Our research group has several objectives :
The first objective is a better understanding of resistance to antiretroviral drugs (ARVs), although these considerably alter the prognosis of the disease. At the moment the HIV infection cannot be cured.
The AIDS Reference Laboratory (ARL) is active in monitoring the transmission of drug resistance. In collaboration with the other Belgian LRS and the Scientific Institute of Public Health (ISP), our team described a large group of transmission of a strain resistant to INNRTI (non-nucleoside reverse transciptase inhibitors) and more recently; an F1 subtype epidemic among men who have sex with men (MSM). The ARL of the UCL is part of the council of the Belgian administration of ESAR "European Society for Translational Antiviral Research" and collaborates in monitoring the spread of drug resistance in Europe. The recent use of intergrase inhibitors (INSTIs) in the treatment of HIV-infected persons has led to a program of monitoring the transmission of potential resistance. Jointly, the analysis of the impact of natural genetic polymorphisms on the effectiveness of ARVs is currently being studied in national and international collaborations. The laboratory is also involved in a project in a rural setting in South Africa initiated by pediatricians at the St-Luc University Clinics. The prevalence of ARV resistance in infants infected with HIV at birth is being studied in order to establish better indications for their treatment.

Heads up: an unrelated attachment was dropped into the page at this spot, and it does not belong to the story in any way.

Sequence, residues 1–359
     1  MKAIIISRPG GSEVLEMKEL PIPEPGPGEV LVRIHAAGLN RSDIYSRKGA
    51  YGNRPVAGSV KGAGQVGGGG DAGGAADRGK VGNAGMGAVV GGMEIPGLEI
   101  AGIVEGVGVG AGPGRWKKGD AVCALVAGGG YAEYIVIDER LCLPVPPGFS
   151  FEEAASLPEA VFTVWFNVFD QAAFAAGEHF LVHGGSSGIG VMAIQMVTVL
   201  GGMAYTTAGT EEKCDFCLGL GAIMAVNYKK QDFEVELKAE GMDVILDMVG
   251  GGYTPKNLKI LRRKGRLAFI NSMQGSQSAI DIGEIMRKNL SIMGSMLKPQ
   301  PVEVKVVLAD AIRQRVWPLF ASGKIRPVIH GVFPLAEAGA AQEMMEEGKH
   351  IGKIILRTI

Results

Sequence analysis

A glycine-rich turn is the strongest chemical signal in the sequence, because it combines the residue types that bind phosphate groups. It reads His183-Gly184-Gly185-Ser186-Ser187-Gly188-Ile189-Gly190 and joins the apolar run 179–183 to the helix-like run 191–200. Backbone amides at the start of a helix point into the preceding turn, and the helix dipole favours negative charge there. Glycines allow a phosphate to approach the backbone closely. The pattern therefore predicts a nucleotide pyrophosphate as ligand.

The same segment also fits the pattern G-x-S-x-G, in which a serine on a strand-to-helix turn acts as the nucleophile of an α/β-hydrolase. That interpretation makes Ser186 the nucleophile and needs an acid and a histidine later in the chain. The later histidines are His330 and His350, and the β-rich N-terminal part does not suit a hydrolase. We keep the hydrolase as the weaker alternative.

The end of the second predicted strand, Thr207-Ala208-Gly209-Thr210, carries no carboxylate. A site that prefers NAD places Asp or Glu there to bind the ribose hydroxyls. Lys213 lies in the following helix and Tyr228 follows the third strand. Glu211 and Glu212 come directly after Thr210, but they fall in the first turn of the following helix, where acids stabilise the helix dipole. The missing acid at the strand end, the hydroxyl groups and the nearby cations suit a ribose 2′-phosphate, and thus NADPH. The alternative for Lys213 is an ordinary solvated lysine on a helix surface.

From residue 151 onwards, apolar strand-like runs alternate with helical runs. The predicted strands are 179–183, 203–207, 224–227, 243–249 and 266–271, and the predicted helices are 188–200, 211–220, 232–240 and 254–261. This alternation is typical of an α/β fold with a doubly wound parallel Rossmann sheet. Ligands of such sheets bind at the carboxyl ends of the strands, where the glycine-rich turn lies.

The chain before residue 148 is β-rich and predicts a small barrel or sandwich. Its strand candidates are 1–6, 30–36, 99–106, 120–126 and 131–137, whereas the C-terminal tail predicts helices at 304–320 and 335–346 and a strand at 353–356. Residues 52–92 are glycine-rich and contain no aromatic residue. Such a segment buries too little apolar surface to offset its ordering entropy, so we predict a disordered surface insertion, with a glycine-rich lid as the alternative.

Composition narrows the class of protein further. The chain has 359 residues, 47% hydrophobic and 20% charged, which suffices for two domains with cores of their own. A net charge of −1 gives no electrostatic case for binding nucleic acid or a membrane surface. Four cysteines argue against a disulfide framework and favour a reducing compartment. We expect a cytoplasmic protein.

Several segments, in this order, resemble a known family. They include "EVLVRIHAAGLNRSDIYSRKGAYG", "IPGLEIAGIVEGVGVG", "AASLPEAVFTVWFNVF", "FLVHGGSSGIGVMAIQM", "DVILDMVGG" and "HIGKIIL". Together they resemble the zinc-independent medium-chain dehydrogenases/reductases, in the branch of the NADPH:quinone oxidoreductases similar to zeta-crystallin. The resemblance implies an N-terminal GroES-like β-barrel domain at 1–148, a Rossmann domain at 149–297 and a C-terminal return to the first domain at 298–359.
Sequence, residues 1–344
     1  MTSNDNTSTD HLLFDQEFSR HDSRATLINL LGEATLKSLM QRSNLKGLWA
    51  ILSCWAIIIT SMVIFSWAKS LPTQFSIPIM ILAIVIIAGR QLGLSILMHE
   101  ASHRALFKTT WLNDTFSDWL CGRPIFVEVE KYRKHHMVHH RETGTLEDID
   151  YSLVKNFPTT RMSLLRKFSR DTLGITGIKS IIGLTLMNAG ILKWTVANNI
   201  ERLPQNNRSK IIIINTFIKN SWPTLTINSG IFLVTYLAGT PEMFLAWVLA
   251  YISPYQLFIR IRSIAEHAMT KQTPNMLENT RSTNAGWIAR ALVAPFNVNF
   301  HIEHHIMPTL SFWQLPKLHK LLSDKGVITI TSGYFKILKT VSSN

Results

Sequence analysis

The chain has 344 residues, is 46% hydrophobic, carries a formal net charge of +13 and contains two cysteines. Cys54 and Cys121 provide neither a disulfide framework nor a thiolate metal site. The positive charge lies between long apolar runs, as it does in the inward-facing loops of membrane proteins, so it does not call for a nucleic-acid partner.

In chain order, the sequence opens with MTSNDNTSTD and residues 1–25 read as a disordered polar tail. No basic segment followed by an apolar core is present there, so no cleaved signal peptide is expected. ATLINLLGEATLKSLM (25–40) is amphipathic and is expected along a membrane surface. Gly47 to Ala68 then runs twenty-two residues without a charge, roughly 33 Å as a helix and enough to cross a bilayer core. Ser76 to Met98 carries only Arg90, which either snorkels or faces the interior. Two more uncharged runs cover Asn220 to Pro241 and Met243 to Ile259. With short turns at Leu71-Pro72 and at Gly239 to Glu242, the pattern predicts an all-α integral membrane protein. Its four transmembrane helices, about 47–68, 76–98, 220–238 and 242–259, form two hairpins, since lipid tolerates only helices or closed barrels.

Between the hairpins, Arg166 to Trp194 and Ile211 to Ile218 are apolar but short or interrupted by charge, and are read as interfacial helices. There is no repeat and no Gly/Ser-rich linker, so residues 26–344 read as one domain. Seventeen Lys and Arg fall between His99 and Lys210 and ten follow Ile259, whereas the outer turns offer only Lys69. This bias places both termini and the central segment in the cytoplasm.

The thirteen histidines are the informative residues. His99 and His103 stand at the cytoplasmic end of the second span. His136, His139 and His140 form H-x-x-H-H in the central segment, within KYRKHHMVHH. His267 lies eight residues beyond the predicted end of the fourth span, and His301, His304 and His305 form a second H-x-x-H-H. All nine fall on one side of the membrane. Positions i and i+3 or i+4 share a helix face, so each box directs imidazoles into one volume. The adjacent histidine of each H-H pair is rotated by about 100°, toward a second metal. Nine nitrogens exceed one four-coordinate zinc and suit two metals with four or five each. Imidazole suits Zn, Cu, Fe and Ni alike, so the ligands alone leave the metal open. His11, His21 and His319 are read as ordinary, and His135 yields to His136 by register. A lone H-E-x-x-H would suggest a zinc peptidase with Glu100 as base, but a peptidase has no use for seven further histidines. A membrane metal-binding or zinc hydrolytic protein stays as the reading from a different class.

Several projects aim with the aim to cure the disease require specific laboratory tools that are not yet available for the clinical routine. To this end, we focus in particular on the detection of residual viremia on the treatment and its clinical impact by validating ultra-sensitive methods such as digital PCR.
In recent years, the ARL has become the reference for HIV-2 in Belgium and Luxembourg for both research and laboratory testing related to clinical monitoring. The laboratory coordinates clinical data for international collaboration AcHIeV2e and participates in the development of genotypic interpretation rules for ARV resistance (HIV-2 EU).
The second objective is to try to improve healing strategies by focusing on cellular restriction factors. The laboratory currently focuses on an antiviral restriction factor that interfere with viral replication and in particular on the interaction between a viral envelope glycoprotein (gpTM) and the BST-2 cellular protein also known as tetherin, interfering with the release of virion. Site-directed mutagenesis, viral replication and protein interaction studies are performed in the laboratory. In addition, our research aims to identify genetic variability within the bst-2 gene. The results should relate to patient history, viral load and to classify according to the evolution of the disease (Progressors or not).